Shazbot! For a lot of us, this hurts.
Oscar, Grammy, & Golden Globe winner Robin Williams passed away Monday, ending his own life at 63 after a bout with depression. What could've brought on the depression, you might ask. I cannot say for sure, but I would suspect that what Williams, and a lot of us, for that matter, thought might be a sure-fire hit, The Crazy Ones, was instead cancelled after one season, cutting short what had been a triumphant return to series television.
After being part of Richard Pryor's repertory company, Williams, of course, hit it big with Mork & Mindy, spun off from his appearance on Happy Days. Mork ran for four seasons, five if you count the ill-advised, misguided, animated prequel that ABC commissioned from Ruby-Spears & Paramount after the main series ended. However, Williams turned his enormous talents to movies, taking full advantage of his training at Julliard. The hits came one right after the other. "The World According to Garp". "Good Morning Vietnam". "Dead Poets Society". "Good Will Hunting", for which Williams won his only Oscar. "The Fisher King". Sure, there were the clunkers mixed in (i.e. "Cadillac Man", with Tim Robbins), but a lot of those were not his fault.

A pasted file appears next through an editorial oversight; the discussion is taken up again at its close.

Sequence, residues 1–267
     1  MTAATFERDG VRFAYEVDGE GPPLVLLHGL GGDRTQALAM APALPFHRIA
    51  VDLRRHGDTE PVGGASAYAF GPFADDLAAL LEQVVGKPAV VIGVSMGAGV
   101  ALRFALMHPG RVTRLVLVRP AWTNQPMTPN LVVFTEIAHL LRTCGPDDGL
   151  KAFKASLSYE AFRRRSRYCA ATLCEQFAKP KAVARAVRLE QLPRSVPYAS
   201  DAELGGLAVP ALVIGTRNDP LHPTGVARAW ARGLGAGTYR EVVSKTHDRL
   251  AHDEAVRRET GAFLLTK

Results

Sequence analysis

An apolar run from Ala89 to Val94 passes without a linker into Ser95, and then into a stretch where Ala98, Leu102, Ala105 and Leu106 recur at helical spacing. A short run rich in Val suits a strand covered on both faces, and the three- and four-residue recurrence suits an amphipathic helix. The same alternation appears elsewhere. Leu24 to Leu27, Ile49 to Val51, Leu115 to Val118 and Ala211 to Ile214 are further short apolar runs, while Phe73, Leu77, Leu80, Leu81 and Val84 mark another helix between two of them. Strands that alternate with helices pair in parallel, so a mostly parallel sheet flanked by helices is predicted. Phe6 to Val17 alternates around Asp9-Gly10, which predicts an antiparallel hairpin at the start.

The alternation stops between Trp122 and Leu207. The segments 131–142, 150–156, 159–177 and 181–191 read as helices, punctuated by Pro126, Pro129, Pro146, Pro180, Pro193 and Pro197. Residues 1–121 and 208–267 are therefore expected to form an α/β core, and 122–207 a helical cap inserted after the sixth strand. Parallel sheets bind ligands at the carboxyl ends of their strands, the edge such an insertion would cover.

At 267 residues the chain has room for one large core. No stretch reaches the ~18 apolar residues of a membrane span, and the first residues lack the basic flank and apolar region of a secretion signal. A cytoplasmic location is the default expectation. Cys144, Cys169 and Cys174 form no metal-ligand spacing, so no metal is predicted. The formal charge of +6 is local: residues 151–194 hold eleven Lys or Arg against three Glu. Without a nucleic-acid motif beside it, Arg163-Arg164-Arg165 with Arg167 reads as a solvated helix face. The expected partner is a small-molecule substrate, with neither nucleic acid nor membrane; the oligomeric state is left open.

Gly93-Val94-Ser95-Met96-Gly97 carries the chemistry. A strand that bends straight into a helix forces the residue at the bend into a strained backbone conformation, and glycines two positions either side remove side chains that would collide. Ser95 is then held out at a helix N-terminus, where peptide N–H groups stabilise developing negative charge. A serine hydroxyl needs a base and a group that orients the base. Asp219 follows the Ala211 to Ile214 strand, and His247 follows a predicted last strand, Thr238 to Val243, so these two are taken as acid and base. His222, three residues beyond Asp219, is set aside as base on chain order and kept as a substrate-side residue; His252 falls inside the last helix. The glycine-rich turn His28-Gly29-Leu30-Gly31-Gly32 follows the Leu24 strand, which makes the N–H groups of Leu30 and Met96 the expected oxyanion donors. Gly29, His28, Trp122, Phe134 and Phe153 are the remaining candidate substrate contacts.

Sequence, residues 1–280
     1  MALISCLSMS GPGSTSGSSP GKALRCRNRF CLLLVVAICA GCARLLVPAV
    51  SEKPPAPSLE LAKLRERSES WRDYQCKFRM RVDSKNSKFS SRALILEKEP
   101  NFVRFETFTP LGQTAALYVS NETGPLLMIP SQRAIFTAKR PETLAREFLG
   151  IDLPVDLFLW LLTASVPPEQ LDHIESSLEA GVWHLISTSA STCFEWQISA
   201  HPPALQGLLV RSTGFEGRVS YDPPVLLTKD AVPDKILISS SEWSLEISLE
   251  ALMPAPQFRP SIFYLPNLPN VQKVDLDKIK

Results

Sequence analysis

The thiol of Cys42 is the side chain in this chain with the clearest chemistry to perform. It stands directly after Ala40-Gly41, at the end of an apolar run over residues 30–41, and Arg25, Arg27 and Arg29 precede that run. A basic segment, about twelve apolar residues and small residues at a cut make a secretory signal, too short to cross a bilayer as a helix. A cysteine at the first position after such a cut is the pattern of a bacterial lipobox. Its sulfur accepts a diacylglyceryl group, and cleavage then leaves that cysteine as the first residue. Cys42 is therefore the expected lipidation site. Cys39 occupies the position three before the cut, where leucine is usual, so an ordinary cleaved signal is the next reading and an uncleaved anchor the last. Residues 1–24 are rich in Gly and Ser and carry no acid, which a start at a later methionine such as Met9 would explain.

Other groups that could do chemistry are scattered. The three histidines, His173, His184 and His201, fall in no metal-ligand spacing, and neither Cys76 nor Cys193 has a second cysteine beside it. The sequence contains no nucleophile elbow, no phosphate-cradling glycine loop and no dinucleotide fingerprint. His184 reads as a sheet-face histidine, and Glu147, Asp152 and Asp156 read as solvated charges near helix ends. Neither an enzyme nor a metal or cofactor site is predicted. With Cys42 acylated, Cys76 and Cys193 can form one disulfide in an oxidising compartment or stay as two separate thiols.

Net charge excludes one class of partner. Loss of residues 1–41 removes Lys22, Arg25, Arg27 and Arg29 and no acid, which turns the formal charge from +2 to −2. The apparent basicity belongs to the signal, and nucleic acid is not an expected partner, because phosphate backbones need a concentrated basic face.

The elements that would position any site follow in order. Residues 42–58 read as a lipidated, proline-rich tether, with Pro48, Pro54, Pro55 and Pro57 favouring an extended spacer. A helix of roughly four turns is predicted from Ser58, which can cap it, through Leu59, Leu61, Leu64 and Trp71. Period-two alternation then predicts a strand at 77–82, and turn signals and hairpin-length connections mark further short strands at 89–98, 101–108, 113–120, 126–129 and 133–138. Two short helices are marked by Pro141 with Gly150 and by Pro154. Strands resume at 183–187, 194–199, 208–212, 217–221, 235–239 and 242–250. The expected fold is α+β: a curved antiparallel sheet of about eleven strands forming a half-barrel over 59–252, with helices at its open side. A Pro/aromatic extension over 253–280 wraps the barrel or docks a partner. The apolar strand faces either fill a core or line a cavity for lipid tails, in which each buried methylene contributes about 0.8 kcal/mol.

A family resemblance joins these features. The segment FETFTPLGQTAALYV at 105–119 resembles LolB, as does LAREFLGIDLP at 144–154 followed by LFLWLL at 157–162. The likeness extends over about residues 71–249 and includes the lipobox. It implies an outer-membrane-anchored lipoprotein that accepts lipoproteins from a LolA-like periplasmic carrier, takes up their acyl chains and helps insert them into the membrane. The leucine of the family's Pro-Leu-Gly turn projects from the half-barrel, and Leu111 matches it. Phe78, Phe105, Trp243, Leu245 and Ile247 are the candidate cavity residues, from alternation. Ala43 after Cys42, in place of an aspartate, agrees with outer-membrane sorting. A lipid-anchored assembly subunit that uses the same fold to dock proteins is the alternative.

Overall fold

For an example of what he was capable of, let's look back at a time when Robin pulled double duty on Mork:
In recent times, Williams was making spot guest appearances on shows as diverse as Whose Line Is It Anyway? (w/Drew Carey) and Law & Order: Special Victims Unit, the latter the last of his villain roles. He has four more movies due out over the next few months, including "Night At The Museum: Secret of the Tomb", with Ben Stiller & Owen Wilson, which will be out for the holidays, and likely dedicated to Williams' memory.
I would imagine that there will be a Mork & Mindy marathon announced shortly (Hub was the last network to hold the rights, unless TV Land has a share), plus a sudden run of films airing on any number of cable channels. Whatever demons drove Williams to this point took away a genius who still had much to offer.
Rest in peace, Robin. Heaven's comedy club awaits.